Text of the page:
8 Collection and Accounting of Taxes In view of our recommendation for the establishment of a TIN, we recommend a revised procedure for collection of taxes and their accounting. The new procedure will be as follows:- 1) A taxpayer will be required to fill up only one copy of the challan while making payment of taxes in the bank. The present requirement of filling up four copies of challan for payment of any tax will be given up. 2) The banks will be networked to the TIN and receive payments online. The banks will be required to issue a computerised receipt to the taxpayer instantaneously. The date of presentation of a cheque will be treated as the date of payment. If a cheque bounes, the bank will reverse the receipt, online, and the department would then be expected to prosecute the delinquent taxpayer. 3) With instant accounting of tax collection, the requirement of enclosing a copy of the challan as evidence of tax payment, along with the annual return of income could be done away. 4) Since the TIN will digitise all the TDS returns, the requirement to file TDS certificates along with the return of income will also be dispensed with. 5) At present, taxes are collected through approximately 10,500 bank branches. Since the proposed procedure requires banks to receive online payment, those banks that do not have adequate infrastructure for establishing online connectivity will be debarred from collecting taxes. Accordingly, the Government, in consultation with the Reserve Bank of India, should also consider paying higher charges for services rendered by banks. The process outlined above will facilitate real-time accounting of TDS, Advance Tax and Self-Assessment Tax, and help the tax administration to swiftly identify noncompliance. Furthermore, the new procedure of tax accounting will facilitate electronic filing of tax returns. Refunds The failure of the tax administration to issue refunds continues to be a major source of public grievance. This is partly due to its inability to promptly process the returns, whose numbers have increased substantially in the last three years, and partly due to the cumbersome process for issuing of refunds. Therefore, we recommend the following: 1) The existing cumbersome and manually-operated procedures for issue of refunds must be replaced by a more efficient IT-based system. Under the new system the department will prepare a separate file of all refunds daily which will be downloaded by a payment intermediary, i.e., a designated bank. 2) The designated bank will be authorised to issue computerised refunds as is the current practice for issuing dividend and interest warrants by companies. 3) The designated bank will be required to transmit the information relating to the issue of refunds to the TIN, which will also allow a taxpayer to verify the status of his/her refund claim. Search and Seizure The objective of conducting search and seizure operations is to collect evidence which would not otherwise be produced before the tax administration. However, keeping in view the problems arising in the course of searches and 8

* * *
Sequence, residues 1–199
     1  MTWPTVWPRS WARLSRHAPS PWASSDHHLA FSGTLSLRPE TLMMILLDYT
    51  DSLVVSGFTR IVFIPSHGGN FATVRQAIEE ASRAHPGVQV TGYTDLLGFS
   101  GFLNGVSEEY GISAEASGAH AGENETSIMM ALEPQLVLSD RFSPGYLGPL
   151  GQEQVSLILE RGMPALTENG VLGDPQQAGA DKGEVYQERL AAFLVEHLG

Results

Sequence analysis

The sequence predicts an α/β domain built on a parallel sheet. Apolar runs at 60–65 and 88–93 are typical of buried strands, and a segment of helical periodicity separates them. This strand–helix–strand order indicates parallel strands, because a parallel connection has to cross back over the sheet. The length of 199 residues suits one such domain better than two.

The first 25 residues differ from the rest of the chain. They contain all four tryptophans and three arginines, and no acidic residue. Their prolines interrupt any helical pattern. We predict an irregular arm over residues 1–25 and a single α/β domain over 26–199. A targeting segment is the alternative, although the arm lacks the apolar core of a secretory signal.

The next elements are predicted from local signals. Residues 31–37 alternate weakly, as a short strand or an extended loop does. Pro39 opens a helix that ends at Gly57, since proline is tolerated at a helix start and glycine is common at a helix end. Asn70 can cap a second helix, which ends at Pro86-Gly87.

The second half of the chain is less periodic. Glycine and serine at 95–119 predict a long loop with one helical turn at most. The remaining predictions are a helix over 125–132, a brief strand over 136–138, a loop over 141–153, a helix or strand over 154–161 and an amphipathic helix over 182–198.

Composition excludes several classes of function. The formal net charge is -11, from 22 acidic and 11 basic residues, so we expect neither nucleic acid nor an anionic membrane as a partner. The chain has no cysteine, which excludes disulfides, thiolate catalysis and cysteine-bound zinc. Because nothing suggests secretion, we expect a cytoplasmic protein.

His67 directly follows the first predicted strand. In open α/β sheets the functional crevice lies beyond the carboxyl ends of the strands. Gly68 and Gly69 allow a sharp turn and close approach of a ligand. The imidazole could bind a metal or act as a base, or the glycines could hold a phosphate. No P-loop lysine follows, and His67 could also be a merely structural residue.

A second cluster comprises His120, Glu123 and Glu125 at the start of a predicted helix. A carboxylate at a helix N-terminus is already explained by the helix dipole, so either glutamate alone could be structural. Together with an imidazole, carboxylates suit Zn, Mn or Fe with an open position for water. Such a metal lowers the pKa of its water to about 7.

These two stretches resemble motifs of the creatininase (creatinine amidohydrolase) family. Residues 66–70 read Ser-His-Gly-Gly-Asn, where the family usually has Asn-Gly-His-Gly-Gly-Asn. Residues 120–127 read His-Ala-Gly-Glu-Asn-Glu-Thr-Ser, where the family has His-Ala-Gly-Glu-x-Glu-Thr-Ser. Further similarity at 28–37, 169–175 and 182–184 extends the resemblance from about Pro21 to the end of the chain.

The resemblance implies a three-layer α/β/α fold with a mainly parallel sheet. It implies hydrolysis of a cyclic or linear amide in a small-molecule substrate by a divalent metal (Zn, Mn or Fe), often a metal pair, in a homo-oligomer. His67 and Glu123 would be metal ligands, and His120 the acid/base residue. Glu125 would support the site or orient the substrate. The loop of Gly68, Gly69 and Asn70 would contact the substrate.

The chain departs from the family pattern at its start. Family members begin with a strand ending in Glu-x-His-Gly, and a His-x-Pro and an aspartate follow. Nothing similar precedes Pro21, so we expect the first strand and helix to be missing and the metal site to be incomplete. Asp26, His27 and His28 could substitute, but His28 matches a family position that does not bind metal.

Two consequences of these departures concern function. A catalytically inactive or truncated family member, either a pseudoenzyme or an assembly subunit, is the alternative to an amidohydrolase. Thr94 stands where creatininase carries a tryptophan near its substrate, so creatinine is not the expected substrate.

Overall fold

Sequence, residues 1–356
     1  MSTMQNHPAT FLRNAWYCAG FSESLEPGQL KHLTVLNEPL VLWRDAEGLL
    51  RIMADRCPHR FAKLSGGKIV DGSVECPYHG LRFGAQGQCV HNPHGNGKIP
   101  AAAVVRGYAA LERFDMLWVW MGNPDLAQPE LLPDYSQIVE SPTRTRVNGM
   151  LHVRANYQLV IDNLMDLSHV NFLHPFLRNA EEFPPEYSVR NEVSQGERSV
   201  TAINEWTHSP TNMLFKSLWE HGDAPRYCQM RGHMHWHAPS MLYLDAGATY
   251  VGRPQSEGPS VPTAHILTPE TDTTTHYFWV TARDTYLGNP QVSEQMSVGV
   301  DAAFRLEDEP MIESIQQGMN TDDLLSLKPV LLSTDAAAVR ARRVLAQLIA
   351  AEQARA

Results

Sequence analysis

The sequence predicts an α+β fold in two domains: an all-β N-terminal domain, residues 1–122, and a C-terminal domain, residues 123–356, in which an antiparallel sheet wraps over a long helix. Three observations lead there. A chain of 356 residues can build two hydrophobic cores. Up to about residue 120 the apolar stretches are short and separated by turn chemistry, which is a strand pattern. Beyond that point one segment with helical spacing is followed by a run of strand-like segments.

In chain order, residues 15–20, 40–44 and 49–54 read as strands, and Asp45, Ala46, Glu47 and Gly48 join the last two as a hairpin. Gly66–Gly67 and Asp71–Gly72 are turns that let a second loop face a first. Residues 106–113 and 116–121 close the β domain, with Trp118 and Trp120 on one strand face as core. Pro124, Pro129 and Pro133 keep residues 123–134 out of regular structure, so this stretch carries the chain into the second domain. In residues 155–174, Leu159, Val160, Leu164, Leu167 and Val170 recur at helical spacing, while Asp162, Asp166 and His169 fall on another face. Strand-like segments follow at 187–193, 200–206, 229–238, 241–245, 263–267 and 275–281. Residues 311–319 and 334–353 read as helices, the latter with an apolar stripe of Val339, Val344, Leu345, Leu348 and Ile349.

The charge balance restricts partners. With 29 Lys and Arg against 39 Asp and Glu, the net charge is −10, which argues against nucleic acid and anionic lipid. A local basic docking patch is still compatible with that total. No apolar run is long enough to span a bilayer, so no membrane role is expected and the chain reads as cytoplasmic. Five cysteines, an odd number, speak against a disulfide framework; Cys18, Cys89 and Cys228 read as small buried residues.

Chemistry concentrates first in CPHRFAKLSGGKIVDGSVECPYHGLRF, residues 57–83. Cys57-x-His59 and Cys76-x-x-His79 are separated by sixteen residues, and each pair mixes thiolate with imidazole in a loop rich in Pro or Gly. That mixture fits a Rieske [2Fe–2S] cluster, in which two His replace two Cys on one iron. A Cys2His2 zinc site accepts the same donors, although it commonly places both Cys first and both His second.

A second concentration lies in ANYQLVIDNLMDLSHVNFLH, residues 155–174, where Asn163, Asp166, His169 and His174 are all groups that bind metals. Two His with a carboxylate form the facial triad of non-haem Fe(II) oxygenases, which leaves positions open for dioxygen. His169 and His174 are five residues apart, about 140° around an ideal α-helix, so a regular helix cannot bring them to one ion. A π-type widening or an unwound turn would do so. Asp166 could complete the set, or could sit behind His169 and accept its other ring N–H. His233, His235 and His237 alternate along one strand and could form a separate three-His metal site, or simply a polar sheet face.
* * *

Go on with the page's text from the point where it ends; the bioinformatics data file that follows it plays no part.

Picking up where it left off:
9 post search assessments, search and seizure have lost considerable deterrent effect therefore the Task Force recommends:- a) Special procedure for assessment of search cases in chapter XIV B (Block Assessment) which provides for and exonerates the concealed income detected as a result of search from penal consequences of interest penalty and prosecution, be omitted. When concealment is detected and established, it should suffer full penal consequence of interest, penalty and prosecution. b) Power of Settlement Commission to grant immunity from interest, penalty and prosecution may be restricted to cases other than those where the assessee admits of tax evasion consequent to search and seizure action taken by the department in his case. c) The scheme of rewarding officers engaged in search and seizure activity be abolished. d) Often in the course of search and seizure, stocks are either seized, deemed seized or put under order of attachment or prohibition. This hampers business, without any gain to revenue. Commerce Ministry has unveiled new export-import Policy ( ). At para it states No seizure of stock shall be made by any agency so as to disrupt the manufacturing activity and delivery schedule of export goods. In exception case, the concerned agency may seize the stock on the basis of prima facie evidence. However, such seizure should be lifted within 7 days. In line with this policy of the government, in the course of search and seizure under the Income tax Act, the stocks may only be inventorised but not seized. This can be done by issuing administrative instruction. Income Tax Clearance Certificates The present requirement of obtaining a tax clearance certificate before leaving the country must be abolished. Nevertheless, in order to protect against a consequent loss of revenues, the income tax department may be allowed to notify the immigration / customs authorities to prevent any particular person from leaving the country if such person is considered to be an offender. As a result, the process of tax clearance (prior to travelling abroad) will require to be fulfilled as an exception as against the current practice of obliging everyone to comply with the procedure. The system of issuing Income Tax Clearance Certificates to contractors etc. should be eliminated forthwith. However, to help in enhancing effective tax enforcement, all government agencies should be required to obtain the PAN of entities participating in tenders, being designated as vendors to the government, etc. and periodically submit (pre-specified) relevant information to the tax administration. 9